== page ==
Over the course of the past year, reading through the various Building Windows 8 posts, it was clear that Windows 8 would be different. The early Windows 8 Consumer Preview and Release Preview proved as much, with the very conflicting Desktop/ Metro modes. What was Microsoft thinking?
Jensen Harris, Director of Program Management for the Windows User Experience Team, has a talk on the story of Windows 8 that is worth watching if you’re curious about the Windows 8 design philosophy – “Resting on familiar is the way to mediocrity”.
In Paul Thurrott’s summary of Jensen Harris’ presentation, we see the various examples that we’ve gotten used to over time and now take for granted:
His central argument is that while each Windows revision has been familiar to users since Windows 95, people are willing to change if you give them something better. He uses many examples of such change—the PlayStation controller was also familiar but then the Nintendo Wii changed everything, cell phones that saw incremental changes until the iPhone changed everything, how the Prius changed cars forever, and so on—to explain how other companies reimagined their respective markets. And Microsoft, of course, did this as well. It went from DOS to Windows and unseated an incredibly popular DOS-based word processor–Word Perfect 5.1, which had 90 percent market share—with Word for Windows. Change happens.
On Thanksgiving day I finally spent some time trying a Microsoft Surface with Windows RT. There are enough Surface reviews out there and rest assured this post is not a recommendation to buy a Surface, but for me, regardless of the Surface being heavier than I expected and the Touch Cover taking a couple of clicks to work, I was pleased to finally see this Windows 8 design philosophy come to fruition. It will probably take another release before Microsoft gets this version of Windows 8 right for everyone, but for now, competition has worked and forced Microsoft to enter this market with both hardware and software inputs optimized for touch. In a Wired article published earlier this week, Microsoft reveals some key Windows 8 numbers that may be a small reflection on whether this philosophy has started resonating with others as well:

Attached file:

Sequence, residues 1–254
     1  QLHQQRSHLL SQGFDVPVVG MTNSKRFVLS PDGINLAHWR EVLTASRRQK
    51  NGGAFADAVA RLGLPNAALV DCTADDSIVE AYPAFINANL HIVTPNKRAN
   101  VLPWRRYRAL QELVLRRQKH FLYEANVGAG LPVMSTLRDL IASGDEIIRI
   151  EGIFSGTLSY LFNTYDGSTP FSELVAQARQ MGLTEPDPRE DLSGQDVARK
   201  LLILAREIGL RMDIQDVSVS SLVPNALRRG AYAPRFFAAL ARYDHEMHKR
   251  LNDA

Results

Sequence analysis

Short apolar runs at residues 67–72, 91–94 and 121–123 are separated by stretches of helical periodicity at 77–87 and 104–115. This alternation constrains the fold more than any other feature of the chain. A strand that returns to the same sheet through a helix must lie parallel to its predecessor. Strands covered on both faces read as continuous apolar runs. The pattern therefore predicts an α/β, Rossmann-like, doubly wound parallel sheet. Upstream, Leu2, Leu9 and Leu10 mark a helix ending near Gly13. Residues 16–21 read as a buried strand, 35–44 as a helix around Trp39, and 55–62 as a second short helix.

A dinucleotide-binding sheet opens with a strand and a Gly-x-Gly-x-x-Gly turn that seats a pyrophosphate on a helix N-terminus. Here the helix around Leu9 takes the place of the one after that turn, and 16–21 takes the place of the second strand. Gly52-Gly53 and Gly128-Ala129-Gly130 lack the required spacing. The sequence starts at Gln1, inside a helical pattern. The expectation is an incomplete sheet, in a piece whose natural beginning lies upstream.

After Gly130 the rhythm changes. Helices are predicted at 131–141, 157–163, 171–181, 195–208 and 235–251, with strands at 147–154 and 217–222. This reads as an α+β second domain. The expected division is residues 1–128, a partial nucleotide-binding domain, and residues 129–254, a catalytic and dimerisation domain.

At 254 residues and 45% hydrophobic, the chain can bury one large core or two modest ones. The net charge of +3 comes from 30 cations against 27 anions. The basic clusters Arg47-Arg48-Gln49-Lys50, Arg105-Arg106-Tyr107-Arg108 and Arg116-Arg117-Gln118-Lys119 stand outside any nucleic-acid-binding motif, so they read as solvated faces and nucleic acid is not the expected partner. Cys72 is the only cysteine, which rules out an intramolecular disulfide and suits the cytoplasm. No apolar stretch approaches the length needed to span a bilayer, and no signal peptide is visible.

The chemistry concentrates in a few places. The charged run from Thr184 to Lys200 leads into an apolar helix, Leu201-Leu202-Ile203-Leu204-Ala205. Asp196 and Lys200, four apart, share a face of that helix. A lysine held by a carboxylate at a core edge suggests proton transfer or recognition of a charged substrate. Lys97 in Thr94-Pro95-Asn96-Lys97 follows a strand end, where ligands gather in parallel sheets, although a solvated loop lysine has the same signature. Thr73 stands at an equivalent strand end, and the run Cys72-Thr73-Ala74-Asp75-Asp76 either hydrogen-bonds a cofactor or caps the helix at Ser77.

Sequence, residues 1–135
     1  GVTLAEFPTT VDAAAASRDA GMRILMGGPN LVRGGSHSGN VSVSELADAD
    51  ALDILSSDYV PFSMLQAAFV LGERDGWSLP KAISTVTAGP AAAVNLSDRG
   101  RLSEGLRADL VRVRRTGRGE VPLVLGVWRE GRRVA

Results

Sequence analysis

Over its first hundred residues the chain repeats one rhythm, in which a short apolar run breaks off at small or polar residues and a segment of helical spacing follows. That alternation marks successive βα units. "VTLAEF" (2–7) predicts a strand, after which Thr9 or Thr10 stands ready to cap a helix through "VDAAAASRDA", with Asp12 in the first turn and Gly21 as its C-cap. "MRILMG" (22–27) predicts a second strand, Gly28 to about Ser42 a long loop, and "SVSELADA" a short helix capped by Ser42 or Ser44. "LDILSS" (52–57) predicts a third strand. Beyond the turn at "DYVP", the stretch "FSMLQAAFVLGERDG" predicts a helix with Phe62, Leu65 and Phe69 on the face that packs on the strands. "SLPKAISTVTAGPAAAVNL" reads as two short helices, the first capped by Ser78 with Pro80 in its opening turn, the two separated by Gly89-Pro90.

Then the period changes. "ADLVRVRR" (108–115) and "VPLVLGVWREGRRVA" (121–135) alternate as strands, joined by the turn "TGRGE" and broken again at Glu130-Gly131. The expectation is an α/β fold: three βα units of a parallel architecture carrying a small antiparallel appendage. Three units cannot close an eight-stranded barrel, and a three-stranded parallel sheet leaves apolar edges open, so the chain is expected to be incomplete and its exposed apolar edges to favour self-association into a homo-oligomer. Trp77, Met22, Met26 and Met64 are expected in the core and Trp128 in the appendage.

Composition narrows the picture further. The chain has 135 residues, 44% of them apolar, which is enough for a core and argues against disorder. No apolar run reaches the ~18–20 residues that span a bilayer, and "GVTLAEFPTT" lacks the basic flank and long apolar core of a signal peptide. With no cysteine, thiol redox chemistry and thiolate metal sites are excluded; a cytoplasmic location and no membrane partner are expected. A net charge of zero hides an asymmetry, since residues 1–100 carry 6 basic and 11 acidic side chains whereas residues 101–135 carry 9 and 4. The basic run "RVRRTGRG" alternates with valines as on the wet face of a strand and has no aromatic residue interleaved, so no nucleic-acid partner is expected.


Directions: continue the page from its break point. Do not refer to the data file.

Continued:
Windows 8 License Sales
Microsoft has sold 40 million Windows 8 licenses in the month since it launched, suggesting that the operating system is selling faster, and in larger numbers, than Windows 7. Microsoft executive Tami Reller announced the milestone at the Credit Suisse 2012 Annual Technology Conference, and the company reiterated it Tuesday in a blog post that said, “Windows 8 is outpacing Windows 7 in terms of upgrades.”
Windows 8 App Store Downloads
The top 300 apps in the Windows Store have an average of 200,000 downloads per day. The top 300 apps in the Mac App Store see around 80,000 daily downloads, the firm said.
However, until January 24, 2013 when Microsoft hosts its second quarter earnings conference call, we’ll be subject to the opinions, reviews, small news leaks and forecasts of technology evangelists, pundits, fans, critics and fortune tellers about whether Microsoft should have just stuck with familiar.